Archive for October, 2007

Measurement “experts” huh? “LOL”

Friday, October 12th, 2007

Om Malik wrote a post last night about a Facebook traffic drop but was skeptical of the validity of the information.  Today Om explained the drop in an update post where  Paul Sutter, co-founder & president of Quantcast told him the reason was that (Om writes) "ComScore has a panel that has a bias toward Internet users who log on
from home. The same is true of all measurement panels – Nielsen,
Hitwise or Quantcast. As kids go back to school, they vanish from the

OK, makes sense.  The measurement panels don’t accurately represent the level of traffic from college users.  Yet here’s what reps from a couple of the major measurement services had to say (from Om’s post) about traffic at one of the most prominent Internet properties in the world:

Andrew Lipsman of comScore:  "Last year, there was a similar dip in visitation at
Facebook, which suggests there are some seasonal factors at play.
Another important factor that has not been mentioned is that September
has 1 fewer day than August."

Hitwise: "There is a small dip for Facebook in terms of U.S. visits
it appears for the last few weeks, but looking back over time this
could be more seasonal than anything."

So, apparently, the real reason for the traffic pattern is because of the makeup of their measurement panels.  Yet, both of these companies chalked this up to "seasonal factors."

Why is this significant?  Well, traffic numbers from firms like these are often the "facts" upon which stories are built that help define entire markets in the emerging technology world.  Yet, when they don’t have a clue about what’s going on with traffic at a company as high profile as Facebook, one has to question how valid a basis for analysis this type of "data" really is.

Semantic Web is great, but I want to DO STUFF

Wednesday, October 10th, 2007

In my "Web 1.0" days the first software company I founded, Moai Technologies, supported many of the major "online marketplaces" of the late 90’s.  One of my colleagues in the early days of Moai who helped develop our sales and marketing strategies was Stephen Bove.  Stephen ended up becoming part of the founding team at Chemdex, a leading chemicals marketplace.  I remember brainstorming w/ Stephen about the challenges at Chemdex and what he and the team there felt were some of the key issues for online marketplaces.  Perhaps the biggest common theme that applied to all of our marketplace customers was the creation of good ontologies – creating hierarchies to classify, categorize, and organize information.

I was reminded of this by Alex Iskold’s excellent post on the Structured Web.  It really feels like a decade later we are largely struggling with the same core problems.  Brad Feld posted about Alex and Adaptive Blue in this post with links to more semantic web reading.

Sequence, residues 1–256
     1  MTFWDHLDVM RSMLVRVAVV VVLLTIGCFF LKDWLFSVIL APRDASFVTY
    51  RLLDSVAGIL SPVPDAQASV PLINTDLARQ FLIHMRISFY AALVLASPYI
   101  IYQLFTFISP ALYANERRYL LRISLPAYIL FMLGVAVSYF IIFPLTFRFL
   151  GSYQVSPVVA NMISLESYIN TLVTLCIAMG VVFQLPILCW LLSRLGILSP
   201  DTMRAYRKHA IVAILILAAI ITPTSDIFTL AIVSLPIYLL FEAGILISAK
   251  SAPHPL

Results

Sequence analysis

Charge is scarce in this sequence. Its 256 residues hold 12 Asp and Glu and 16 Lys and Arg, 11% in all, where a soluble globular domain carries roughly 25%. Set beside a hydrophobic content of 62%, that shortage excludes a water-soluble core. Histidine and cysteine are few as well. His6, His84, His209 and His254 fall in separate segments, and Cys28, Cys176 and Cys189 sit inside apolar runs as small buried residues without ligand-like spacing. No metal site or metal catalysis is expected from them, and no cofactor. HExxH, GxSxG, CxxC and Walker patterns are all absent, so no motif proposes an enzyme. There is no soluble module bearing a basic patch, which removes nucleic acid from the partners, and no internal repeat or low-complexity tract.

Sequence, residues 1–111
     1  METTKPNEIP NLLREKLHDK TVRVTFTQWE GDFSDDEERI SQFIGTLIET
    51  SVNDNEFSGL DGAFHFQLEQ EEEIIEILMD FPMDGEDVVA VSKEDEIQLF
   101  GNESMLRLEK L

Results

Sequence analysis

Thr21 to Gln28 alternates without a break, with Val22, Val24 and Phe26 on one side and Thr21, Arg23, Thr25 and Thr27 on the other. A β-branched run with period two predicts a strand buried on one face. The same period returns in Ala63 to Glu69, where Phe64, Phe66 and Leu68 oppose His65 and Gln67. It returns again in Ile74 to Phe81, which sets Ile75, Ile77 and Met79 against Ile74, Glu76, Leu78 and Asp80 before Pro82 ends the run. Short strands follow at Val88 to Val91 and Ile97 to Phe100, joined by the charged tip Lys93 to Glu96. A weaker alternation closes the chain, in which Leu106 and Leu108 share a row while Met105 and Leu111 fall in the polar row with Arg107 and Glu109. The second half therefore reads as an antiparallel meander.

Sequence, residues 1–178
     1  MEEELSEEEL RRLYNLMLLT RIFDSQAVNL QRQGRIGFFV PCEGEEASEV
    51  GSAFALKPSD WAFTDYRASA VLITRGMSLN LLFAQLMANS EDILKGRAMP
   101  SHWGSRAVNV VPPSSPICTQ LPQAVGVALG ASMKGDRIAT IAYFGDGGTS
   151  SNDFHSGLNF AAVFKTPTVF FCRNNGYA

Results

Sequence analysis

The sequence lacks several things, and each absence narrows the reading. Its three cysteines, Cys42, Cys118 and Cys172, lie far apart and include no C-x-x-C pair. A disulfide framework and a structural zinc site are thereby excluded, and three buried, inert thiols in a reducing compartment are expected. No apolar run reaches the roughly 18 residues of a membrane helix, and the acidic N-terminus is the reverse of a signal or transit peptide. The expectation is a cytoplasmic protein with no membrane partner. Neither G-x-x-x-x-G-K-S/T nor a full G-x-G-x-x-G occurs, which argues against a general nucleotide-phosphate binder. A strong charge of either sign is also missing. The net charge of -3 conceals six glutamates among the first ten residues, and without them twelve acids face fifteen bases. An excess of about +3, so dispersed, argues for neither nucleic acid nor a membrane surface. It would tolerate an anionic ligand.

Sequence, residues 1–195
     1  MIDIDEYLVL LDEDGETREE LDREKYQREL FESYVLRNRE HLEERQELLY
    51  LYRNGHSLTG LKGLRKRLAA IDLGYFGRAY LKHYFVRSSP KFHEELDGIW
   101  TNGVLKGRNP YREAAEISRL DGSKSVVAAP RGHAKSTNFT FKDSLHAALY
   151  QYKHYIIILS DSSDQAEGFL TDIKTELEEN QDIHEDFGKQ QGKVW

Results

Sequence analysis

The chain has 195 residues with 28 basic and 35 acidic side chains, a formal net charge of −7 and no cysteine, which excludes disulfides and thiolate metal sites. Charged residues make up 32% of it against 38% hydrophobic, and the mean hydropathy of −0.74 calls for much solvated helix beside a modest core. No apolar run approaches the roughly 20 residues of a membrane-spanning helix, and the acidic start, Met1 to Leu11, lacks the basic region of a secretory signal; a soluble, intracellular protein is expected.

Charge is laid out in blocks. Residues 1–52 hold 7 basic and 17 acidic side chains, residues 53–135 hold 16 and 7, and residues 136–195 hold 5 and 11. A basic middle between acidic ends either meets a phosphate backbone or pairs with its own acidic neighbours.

This is good stuff, but I think a lot of technologists get caught up in the theory of all of this and forget about the fact that what people really want is to DO STUFF.  Alex clearly understands this based on what he’s doing with AdaptiveBlue – using this type of information to help people find specific pieces of information based on context of what they are looking at and doing.  While elegant theoretical constructs for all this stuff are great, I think a key to success is developing these technologies with a perspective of the types of things users and developers will actually want to do with all that information in real-world scenarios.

We’ve learned a lot of those lessons while developing ClearContext IMS over the past few years.  A lot of the "coolest" stuff we’ve developed is related to our contact and message analysis and prioritization algorithms that mine email history to rank which contacts and emails are most important to you.  However, that information only becomes really useful to users once we put it in the context of actually being able to DO SOMETHING with it – in the case of email that means creating tasks and appointments from important emails and being able to link and view all this related information together.

I definitely agree with Alex and others about the powerful possibilities of a web built upon an underlying foundation of structured information.  But without keeping in mind what people will want to do and why this is so valuable, there’s a real risk of creating some beautiful standards that largely get ignored.

PS to Alex: I suggest you check out this 2004 Santa Rita ($14.99) and this  2004 Seventy Five ($18.99)

Sigh, BoardFirst stopped

Monday, October 8th, 2007

Well, I’ve been doing a lot of writing on tech and email lately, getting ready to re-launch this blog and keep it updated in a more dedicated manner.  I’ll be starting with the serious posts soon, hopefully this week.

But I just received an email that really irritated me, which inspired my return to the blogging world.

"Dear BoardFirst Customers:

It is with the deepest regret and sense of disappointment
that I must inform you that BoardFirst is being forced to discontinue the
service it has been providing to you for the past 2 years."

The email explains that this is due to an injunction from Southwest Airlines forcing them to stop this service.

My flying these days is mainly JetBlue to New York and various airlines for short trips like LA and Vegas.  I often didn’t consider Southwest because I didn’t want to deal with the lack of assigned seating and have to worry about remembering to check-in online or arrive early.  BoardFirst solved that problem for me, resulting in me choosing Southwest for more flights.  Being able to pay a small premium to not get stuck in a really crappy seat on Southwest was a service I was glad to have.  It sucks that Southwest isn’t allowing the marketplace to provide that added value service for them.